Virtualization expert Barb Goldworm has been banging the desktop virtualization and application virtualization drum for a while now. She contends that there is still a lot of innovation to be had in this space and that businesses are poised to reap the benefits, despite pushback from execs. It’s a symbiotic relationship, however, between IT departments and virtualization vendor. In other words, an opportunity for a business to virtualize some aspect of their infrastructure translates to an opportunity for a vendor to sell that virtualization product.
But how do you choose which vendor will fulfill that need? Chances are if you’re on this site, you’re either deeply invested in VMware, or about to become deeply invested, and will probably choose VMware Virtual Desktop Infrastructure (VDI) for your desktop virtualization needs. For the time being, that’s probably a smart decision for you. It’s also a good thing for VMware, which is positioned to recognize Goldworm’s assessment and to take advantage of the opportunity in the virtual desktop space.
In a recent interview with SearchVMware.com associate editor Hannah Drake, VMware expert and author David Rule agreed. “Virtual desktops is where VMware is going to see a huge surge of revenue. Take a company that has 1,000 servers, that’s 3,000 – 4,000 users. Ten percent of number is a huge amount of net new [virtual desktop] licenses,” he said. Furthermore, Rule believes that investment to be sound because they’re already ahead of the game. In his view, VMware will remain the virtualization technology market leader. “VMware is the innovator in the marketplace. Citrix and Microsoft haven’t brought anything new to the market that VMware hasn’t.”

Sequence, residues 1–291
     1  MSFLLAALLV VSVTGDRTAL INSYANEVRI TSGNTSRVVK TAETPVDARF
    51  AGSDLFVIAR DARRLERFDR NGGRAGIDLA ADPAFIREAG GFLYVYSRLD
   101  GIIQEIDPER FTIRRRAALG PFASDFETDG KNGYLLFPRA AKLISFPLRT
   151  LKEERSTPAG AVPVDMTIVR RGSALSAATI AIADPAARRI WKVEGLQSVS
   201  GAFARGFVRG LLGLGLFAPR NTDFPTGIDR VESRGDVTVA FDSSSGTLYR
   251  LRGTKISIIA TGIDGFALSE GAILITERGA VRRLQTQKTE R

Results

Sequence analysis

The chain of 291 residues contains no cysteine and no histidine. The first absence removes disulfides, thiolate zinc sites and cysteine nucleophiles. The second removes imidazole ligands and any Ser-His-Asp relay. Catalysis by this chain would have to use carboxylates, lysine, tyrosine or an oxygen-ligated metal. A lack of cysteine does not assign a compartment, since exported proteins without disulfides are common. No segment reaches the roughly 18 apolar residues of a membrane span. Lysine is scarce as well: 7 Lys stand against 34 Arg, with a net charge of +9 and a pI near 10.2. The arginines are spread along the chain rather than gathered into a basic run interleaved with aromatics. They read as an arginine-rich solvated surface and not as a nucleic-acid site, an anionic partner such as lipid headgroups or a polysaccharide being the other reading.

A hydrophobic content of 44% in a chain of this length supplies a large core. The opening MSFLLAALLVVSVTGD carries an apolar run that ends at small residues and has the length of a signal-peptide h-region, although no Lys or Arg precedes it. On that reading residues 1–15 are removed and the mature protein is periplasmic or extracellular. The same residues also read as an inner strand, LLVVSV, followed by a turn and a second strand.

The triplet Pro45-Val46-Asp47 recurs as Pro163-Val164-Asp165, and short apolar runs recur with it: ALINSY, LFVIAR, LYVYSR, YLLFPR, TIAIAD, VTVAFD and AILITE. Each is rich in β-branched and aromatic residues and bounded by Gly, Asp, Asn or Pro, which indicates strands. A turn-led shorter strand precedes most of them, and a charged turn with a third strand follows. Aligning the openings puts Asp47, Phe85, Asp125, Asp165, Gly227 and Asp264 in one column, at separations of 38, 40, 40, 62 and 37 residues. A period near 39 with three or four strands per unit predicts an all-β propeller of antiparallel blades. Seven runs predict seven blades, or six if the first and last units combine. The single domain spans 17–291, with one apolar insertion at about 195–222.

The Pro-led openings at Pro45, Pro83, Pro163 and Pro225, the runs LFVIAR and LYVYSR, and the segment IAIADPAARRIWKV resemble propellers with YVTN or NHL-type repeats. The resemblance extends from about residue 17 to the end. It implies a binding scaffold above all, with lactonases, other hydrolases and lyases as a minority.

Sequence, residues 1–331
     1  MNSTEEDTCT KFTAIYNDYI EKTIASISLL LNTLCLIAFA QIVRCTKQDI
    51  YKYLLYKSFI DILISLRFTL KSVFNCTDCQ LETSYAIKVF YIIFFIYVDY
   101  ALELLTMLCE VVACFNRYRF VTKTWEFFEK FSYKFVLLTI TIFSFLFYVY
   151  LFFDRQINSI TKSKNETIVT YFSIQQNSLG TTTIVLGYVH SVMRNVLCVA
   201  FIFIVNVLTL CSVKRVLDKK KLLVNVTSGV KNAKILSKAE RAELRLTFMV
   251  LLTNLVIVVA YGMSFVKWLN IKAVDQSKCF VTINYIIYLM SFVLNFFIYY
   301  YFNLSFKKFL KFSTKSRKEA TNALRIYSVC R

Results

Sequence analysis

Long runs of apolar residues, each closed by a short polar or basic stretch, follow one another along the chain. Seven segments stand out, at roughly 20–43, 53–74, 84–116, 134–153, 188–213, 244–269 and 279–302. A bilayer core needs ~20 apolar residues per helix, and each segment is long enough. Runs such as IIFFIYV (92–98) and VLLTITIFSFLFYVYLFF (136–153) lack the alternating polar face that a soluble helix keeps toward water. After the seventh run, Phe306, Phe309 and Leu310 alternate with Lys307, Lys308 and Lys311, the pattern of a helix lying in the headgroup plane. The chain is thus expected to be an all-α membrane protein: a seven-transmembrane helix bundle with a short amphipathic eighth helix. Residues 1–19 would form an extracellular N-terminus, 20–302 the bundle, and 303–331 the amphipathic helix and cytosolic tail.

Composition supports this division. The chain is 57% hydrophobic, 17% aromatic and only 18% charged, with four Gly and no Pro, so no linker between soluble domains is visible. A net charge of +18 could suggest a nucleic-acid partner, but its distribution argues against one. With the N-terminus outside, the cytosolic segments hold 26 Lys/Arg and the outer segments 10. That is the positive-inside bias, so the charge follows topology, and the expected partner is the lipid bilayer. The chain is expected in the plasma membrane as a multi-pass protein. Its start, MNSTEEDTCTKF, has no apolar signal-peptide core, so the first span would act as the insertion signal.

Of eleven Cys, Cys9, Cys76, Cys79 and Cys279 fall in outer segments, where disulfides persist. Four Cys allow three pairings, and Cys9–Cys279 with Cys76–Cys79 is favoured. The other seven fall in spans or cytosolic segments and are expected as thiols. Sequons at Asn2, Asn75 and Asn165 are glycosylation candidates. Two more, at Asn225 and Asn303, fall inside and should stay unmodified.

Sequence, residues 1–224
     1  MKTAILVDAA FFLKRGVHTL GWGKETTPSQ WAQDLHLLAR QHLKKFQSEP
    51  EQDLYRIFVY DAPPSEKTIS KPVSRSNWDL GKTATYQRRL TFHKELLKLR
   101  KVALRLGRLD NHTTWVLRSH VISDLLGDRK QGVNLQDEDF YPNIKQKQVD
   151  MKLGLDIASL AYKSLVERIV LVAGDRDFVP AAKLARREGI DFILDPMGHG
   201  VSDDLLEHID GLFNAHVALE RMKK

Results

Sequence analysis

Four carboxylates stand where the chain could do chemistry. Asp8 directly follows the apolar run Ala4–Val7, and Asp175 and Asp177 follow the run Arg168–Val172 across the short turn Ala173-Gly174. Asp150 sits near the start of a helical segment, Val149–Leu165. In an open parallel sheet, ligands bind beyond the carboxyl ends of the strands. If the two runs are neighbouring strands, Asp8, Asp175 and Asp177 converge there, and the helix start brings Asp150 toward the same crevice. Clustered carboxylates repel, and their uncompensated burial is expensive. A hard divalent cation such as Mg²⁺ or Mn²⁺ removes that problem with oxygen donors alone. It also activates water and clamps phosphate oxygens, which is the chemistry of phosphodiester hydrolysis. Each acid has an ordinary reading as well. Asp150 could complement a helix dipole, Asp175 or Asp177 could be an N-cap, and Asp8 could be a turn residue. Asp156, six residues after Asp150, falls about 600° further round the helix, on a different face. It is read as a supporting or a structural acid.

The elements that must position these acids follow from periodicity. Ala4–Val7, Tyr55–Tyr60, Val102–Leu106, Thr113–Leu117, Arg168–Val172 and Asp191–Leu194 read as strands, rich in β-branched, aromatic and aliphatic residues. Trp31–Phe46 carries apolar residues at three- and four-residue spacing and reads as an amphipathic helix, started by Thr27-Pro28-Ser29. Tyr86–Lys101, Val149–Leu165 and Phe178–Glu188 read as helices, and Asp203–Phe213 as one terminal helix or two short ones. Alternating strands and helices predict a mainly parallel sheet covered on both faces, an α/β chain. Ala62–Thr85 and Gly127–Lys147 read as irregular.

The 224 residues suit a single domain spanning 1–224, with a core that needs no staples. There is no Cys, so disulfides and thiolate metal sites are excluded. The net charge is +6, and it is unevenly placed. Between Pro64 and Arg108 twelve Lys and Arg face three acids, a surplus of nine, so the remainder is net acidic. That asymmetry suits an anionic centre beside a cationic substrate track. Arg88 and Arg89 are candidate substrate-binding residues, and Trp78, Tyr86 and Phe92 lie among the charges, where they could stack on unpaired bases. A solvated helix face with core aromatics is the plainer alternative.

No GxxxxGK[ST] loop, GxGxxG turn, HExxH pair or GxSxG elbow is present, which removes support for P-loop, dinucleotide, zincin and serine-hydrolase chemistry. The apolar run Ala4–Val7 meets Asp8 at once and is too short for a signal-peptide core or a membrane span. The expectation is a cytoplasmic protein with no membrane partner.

He’s right, at least in comparison with Microsoft desktop offerings. Virtual PC is more of an emulator than an enterprise virtual infrastructure for distributed computing, and it might take a while to see how Microsoft’s acquisition of Kidaro pans out. In the meantime, VMware is going to have to look out for Citrix’s offering, XenDesktop, according to virtualization guru Chris Wolf. As the major player in the thin-client space, Citrix has the shortest to go in order to compete with VMware VDI and ACE. In fact, Wolf noted during a recent interview with Drake that at last week’s Microsoft Management Summit, when customers asked Microsoft about desktop virtualization, Microsoft reps said that they [don’t] have any current offerings but “strongly recommended Citrix XenDesktop” to their customers.
But Microsoft recommends XenDesktop for good reason. “Citrix has put a lot of work into Xen virtual desktop, and they don’t try to compete with Microsoft. They’ve been working towards interoperability from day one. I can run a VM on Hyper-V, power it down and run the VM on XenServer. I might have to change some device drivers, but I know it’ll run fine for me,” he said, adding that VMware has a lot to learn in terms of backend architecture. “From a scalability perspective, the XenDesktop architecture is a better architecture on the backend. If you look at the VMware line moving forward there will be substantial enhancements for virtual desktops, especially with storage and sharing virtual images.”
But what about price point? It turns out that the lackluster economy may turn out to be the wild card forcing change in the desktop and overall virtualization market. According to Wolf, virtualization price will play a bigger role in determining market leadership than some experts have predicted:
“For your average organization, it’s not just about feature for feature comparison, which VMware is always going to win. It’s about what is good enough, and what can I do with my IT budget, especially in [what is] arguably a recession right now. Price becomes a major consideration in purchasing decision. If I can get by with a product, then that’s going to be a compelling reason to look at that product. For VMware to maintain their market dominance, they have to lower their prices. There’s just no other way around it right now.”
Will VMware drop its prices this year? Only time will tell. We’ll continue to follow the virtualization price war; stay tuned.